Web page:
Using the big muscles in pitching

One of the things I’ve always struggled with is finding the right way to tell pitchers  how to use their bodies to throw the pitch. I’ve been describing the arm motion as pulling the elbow down or leading the elbow through the circle but that has had limited results. Some kids got it, but many others couldn’t quite seem to figure out how to do it at full speed.

A few weeks ago I was watching one of my students, a girl named Katie, during her lesson. I commented to her on how she looked like a young, much shorter Jennie Finch with the way she was using her arm. (Katie has very long arms, too, so the motion was a bit exaggerated. It also makes throwing some pitches a bit more challenging, but that’s a story for another day.)

As I observed her, I drew a mental picture of some of the videos I have or have seen of Finch pitch. That’s when it hit me — a way to describe the use of the arm and the shoulder complex that would make sure the big muscles in the shoulder become more engaged. When I watch her, Finch seems to do a better job of getting the big muscles in the back involved — probably the result of using the Finch Windmill all those years since it looks to me like those are the muscles it will work the most. When I watch in analysis mode I can almost feel the power she’s developing myself.
I tried it with Katie and got immediate results. I’ve tried it with pretty much all my students, and have seen universal results. They are able to throw harder/faster while remaining relaxed. So I thought I’d share the explanation I use now.

It really comes down to using or focusing on different muscle groups at different points of the pitch. I tell them when the arm is going up the front of the circle they’re using the pectoral muscles in their chest, and muscles at the top of the shoulder. (Technically that’s the supraspinatus muscle, but that’s a bit of over-explanation that causes the eyes to glaze.)

Then comes the critical part. As they start down the back side of the circle, it’s important to get the big muscles on the back side of the shoulder engaged — the deltoid, trapezius and latissimus dorsi. Sometimes I will name them, but mostly I’ll just indicate the area on the back side of the shoulder where the muscles are located. I’ve been telling them what they want to do is use those muscles to pull the upper part of the arm — from the shoulder to the elbow — down, and only that part of the arm. If they do that (as opposed to trying to pull the ball down), the elbow leads down the back side of the circle as if by magic. Finally, I tell them when the arm gets to a low point (ball is around 7:00 on a right handed pitcher, but I just show them the point) the muscles in the forearm get added on to finishing pulling the ball through to release.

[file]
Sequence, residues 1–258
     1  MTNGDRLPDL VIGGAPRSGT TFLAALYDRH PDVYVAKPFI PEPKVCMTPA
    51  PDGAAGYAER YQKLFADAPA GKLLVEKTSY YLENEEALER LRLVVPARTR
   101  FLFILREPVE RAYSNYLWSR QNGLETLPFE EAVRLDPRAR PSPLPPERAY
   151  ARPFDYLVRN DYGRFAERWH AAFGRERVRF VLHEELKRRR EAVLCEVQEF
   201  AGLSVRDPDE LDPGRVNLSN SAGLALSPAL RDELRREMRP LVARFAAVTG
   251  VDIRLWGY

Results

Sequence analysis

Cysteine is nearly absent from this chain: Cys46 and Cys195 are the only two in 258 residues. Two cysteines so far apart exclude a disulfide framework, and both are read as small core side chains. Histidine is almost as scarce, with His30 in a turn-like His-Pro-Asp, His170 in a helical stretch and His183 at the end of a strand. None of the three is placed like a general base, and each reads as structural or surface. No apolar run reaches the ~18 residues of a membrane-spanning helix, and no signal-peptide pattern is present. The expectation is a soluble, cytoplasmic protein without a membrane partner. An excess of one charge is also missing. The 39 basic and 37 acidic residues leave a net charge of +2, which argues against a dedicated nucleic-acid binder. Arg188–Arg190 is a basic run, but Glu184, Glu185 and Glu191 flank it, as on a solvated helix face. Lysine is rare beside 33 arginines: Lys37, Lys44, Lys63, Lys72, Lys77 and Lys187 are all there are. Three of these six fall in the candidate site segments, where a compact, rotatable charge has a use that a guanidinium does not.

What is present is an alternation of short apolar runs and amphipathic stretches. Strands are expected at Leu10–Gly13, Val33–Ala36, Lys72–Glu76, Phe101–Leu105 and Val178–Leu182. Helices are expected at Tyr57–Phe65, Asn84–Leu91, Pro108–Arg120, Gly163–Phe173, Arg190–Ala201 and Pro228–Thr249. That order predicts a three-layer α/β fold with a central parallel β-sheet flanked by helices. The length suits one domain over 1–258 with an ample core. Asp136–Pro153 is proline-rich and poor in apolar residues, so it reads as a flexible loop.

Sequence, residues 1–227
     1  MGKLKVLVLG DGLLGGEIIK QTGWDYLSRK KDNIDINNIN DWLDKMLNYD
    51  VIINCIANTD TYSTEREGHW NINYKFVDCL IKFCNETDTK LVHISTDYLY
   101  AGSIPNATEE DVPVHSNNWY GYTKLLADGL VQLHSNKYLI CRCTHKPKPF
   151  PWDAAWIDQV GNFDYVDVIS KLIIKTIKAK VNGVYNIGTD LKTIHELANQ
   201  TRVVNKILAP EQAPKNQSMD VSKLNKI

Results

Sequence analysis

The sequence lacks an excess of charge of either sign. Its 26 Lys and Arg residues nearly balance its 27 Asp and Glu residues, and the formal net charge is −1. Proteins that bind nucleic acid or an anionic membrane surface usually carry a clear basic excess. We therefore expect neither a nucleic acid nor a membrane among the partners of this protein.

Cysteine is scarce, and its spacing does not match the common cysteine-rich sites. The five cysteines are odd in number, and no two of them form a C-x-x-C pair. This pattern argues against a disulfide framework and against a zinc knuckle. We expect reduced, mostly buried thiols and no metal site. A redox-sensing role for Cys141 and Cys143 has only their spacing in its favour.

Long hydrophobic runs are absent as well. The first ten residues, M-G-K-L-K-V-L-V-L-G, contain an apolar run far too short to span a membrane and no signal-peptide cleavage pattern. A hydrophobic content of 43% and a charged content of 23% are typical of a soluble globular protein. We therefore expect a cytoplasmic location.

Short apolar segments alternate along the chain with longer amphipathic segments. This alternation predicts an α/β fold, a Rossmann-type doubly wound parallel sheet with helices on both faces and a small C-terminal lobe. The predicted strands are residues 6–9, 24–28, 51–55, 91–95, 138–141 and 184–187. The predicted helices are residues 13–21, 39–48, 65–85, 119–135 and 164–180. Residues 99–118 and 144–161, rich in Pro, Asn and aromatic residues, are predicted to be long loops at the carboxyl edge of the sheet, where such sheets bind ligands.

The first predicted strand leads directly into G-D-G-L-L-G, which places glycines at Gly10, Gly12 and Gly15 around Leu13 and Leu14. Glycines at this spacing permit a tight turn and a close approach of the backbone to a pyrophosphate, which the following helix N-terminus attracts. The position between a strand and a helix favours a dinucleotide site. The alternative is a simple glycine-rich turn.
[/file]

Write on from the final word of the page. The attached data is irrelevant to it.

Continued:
Why I think this works is that most young pitchers, when they get the ball to the top of the circle, are thinking about pulling the ball to the release point. So, they engage their triceps and forearm muscles, and maybe their biceps to an extent, to do it. This motion allows them to shortcut the circle, stiffen up their arm, etc. But by separating the arm more with different sets of muscles they are able to stay loose and use a better path to bring the arm down, getting the three main pieces of the arm (upper arm, forearm, hand/wrist) to fire in sequence. It’s specific and easy to understand, which makes it easier to feel and execute.

While it may be out there, I’ve never seen the arm and shoulder action described this way before (at least that I can recall). It definitely works, though. When they do it, the pitchers can feel the added power, which puts a big smile on their faces. And ball speed definitely picks up.

Of course, this isn’t the only key to developing speed and power. That’s what makes pitching such a tough skill to learn. But it certainly helps, especially if you keep the wrist loose and ball pointed away instead of down on the back side of the circle. Give it a try and let me know how it works out for you.


About Ken Krause

Ken Krause has been coaching girls fastpitch softball for nearly 20 years. Some may know him as a contributing columnist to Softball Magazine, where he writes Krause's Korner -- a regular column sponsored by Louisville Slugger. Ken is also the Administrator of the Discuss Fastpitch Forum, the most popular fastpitch discussion forum on the Internet. He is currently a Three Star Master Coach with the National Fastpitch Coaches Association (NFCA), and is certified by both the Amateur Softball Association (ASA) and American Sports Education Program (ASEP). Ken is a private instructor specializing in pitchers, hitters, and catchers. He teaches at North Shore Baseball Academy in Libertyville, IL and Pro-Player Consultants in McHenry, IL.

Posted on November 26, 2009, in Pitching. Bookmark the permalink. 1 Comment.

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